Saturday, 27 July 2019

It's monarch season!

I tagged them last year, but none appear to have been found. I was a bit late ordering them.
My 2019 tags arrived this week. Here is last year's tag.

There was a press conference in Mexico City last winter. The butterfly sanctuary numbers came in. They estimate their populations by how much of the forest is covered by butterflies. They had the highest recorded since 2006: 14.9 acres of forest was covered in butterflies, a record high and an increase of 144%!

There has been both good and bad news about North American Monarchs. Monarchs have two separate populations, one in the west, and ours in the east. Our eastern ones have had a population increase. The ones in the west, wintering in California, are at risk.

They lay about 300 eggs.  We await the next 3 generations over the summer months, May to September, when the final supergeneration flies back south to live over our winter season.

Our first monarch appeared, Sunday, June 9th. I've been peeking at the milkweed, they only lay eggs on milkweed, although they eat the nectar of many plants, and found nothing.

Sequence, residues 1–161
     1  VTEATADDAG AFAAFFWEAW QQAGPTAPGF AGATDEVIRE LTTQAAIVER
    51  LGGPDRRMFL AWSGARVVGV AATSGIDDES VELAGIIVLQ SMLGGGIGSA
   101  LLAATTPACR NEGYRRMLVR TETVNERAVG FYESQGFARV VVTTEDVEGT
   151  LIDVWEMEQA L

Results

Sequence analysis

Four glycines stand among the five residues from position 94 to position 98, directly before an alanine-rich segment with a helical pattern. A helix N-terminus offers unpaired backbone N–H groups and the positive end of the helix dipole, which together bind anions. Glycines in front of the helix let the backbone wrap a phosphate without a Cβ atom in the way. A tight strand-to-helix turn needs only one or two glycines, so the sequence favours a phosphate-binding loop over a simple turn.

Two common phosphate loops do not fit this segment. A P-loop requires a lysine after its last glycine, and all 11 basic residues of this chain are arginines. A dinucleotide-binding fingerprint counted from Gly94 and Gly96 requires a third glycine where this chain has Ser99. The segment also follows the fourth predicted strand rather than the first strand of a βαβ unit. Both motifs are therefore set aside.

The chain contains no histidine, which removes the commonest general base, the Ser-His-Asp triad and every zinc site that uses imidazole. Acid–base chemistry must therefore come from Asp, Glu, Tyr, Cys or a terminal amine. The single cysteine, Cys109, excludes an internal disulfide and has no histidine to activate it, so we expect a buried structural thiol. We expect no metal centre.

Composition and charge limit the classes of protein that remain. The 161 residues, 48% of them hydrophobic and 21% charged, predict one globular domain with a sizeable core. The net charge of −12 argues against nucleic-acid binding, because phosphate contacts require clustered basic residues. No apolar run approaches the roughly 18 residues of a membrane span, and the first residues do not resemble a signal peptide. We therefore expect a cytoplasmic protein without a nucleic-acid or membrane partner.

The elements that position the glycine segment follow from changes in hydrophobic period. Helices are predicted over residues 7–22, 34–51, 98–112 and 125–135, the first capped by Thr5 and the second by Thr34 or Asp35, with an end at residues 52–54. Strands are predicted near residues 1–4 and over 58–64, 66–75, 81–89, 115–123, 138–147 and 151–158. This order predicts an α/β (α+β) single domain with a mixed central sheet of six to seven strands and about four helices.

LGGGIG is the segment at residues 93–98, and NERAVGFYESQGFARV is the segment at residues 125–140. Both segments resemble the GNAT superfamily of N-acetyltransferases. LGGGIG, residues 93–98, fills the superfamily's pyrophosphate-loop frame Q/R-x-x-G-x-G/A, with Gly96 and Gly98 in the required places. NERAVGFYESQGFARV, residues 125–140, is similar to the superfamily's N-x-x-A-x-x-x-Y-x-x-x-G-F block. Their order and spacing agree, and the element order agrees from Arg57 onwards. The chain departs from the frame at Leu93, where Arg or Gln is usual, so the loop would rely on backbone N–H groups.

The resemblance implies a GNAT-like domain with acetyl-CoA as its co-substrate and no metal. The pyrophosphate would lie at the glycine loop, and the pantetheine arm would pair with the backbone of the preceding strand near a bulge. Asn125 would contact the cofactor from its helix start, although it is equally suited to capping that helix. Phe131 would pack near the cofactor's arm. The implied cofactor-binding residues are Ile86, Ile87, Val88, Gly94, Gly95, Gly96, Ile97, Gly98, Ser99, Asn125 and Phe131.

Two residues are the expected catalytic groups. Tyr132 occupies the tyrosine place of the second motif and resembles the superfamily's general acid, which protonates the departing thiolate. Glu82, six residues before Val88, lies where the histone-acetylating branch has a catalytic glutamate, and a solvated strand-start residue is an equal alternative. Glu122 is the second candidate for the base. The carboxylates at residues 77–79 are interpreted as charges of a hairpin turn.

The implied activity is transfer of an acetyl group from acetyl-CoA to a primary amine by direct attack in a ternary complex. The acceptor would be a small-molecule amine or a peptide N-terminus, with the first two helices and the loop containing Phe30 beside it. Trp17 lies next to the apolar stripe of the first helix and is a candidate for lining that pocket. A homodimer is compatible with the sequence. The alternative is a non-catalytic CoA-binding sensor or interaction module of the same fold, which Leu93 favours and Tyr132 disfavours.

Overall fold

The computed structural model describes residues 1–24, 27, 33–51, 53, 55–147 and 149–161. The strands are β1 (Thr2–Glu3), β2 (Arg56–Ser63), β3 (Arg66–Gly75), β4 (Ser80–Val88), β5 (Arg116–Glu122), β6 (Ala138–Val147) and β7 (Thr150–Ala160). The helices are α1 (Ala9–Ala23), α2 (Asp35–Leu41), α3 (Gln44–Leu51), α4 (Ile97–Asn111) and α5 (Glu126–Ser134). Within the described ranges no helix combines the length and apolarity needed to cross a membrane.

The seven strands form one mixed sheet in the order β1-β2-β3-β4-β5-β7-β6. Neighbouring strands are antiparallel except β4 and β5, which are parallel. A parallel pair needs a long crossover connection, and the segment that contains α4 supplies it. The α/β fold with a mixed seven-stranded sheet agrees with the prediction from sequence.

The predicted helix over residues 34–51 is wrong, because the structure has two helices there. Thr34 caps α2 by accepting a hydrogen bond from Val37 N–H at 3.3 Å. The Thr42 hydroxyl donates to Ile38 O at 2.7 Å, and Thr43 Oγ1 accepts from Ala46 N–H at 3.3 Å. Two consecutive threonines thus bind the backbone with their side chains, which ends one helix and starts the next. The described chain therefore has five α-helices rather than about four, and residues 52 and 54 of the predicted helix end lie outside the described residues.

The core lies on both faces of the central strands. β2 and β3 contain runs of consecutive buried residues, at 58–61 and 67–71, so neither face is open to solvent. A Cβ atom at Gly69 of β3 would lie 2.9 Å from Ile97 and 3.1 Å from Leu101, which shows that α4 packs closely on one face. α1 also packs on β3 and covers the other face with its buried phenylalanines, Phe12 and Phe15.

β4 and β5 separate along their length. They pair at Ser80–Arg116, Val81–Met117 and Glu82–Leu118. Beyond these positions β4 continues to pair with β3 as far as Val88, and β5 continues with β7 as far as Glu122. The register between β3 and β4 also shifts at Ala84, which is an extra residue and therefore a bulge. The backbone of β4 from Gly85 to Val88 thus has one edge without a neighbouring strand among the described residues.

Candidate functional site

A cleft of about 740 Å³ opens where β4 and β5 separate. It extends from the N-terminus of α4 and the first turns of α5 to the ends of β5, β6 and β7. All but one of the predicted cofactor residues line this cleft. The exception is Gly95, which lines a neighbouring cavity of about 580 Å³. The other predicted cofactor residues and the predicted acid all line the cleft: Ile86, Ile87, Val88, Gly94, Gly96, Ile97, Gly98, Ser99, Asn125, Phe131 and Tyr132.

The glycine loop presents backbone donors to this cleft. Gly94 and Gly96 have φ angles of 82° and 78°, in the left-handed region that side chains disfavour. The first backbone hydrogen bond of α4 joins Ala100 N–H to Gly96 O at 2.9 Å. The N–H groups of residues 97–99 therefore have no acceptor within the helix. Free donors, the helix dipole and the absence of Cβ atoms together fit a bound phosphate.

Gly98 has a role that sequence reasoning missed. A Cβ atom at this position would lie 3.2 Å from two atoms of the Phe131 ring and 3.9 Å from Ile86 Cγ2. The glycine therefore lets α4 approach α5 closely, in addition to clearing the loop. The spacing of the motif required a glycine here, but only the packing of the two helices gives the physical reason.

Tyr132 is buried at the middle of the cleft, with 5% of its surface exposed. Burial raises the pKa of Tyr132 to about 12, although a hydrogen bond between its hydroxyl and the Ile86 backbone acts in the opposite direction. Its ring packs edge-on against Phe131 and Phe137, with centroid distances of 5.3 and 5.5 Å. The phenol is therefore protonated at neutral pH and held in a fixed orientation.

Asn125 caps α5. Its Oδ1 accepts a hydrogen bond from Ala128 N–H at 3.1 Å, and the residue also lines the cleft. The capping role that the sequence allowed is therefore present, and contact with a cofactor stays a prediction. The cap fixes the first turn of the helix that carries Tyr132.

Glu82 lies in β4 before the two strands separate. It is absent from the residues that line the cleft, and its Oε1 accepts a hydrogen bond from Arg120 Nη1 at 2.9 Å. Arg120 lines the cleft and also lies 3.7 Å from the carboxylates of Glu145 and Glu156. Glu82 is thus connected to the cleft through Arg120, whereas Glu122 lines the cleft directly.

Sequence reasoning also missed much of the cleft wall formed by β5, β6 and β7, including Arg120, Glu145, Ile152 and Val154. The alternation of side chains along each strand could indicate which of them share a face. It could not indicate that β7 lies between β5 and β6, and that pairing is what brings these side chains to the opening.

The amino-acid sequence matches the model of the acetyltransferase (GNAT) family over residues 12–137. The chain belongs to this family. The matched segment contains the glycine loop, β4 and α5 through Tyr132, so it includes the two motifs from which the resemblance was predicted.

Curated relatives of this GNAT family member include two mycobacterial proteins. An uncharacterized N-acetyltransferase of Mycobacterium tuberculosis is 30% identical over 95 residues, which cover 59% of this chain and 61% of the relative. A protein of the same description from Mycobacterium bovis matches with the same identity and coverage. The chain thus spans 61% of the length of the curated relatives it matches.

First one! 10:45 a.m. July 24th
6:49 p.m., July 24th, the first one had moved,
and I found another egg!

This is where they are laying their precious eggs, right beside the front step.

Another egg.

I've been tracking their progress up the continent through Journey North: Monarch Watch. They travel 5000 km, above ground about a 1km, to conserve energy. Early May, the first generation landed in places like Texas, where they laid eggs for a new generation.
May, 2019
Only 1% survive from egg => butterfly.
First ones migrate to Texas, laying eggs on milkweed.
500,000 million eggs!
May 24
May 30

This is a fascinating video: 

CBC The Nature of Things - The Great Butterfly Hunt

The remarkable and most incredible Monarch migration, and the determined Canadian scientist, Fred Urquhart, who spent 40 years trying to discover exactly where they mysteriously disappear to for winter.


eileeninmd said...


I love your Monarch image. I am glad they are doing well in your area.

I have only seen one in my yard so far. Thank you for linking up and sharing your post. Happy Saturday, enjoy your weekend! PS, thank you for visiting and commenting on my blog.

Nancy J said...

They are true survivors to fly so far. Down here the monarchs go to areas that have tall trees and are warmer in the winter, nearer the coast. They hang in huge numbers near a pine plantation a long way further north from us.

Karen said...

I have SO MANY Monarchs in the yard this year! And caterpillers. I don't capture caterpillers anymore, having heard that butterflies raised to adulthood in captivity can't survive the migration.

RedPat said...

I've seen a lot of Monarch Butterflies for the last few weeks!

Cloudia said...

Thank you for sharing tis marvel with us, J!

William Kendall said...

They need all the help we can give them.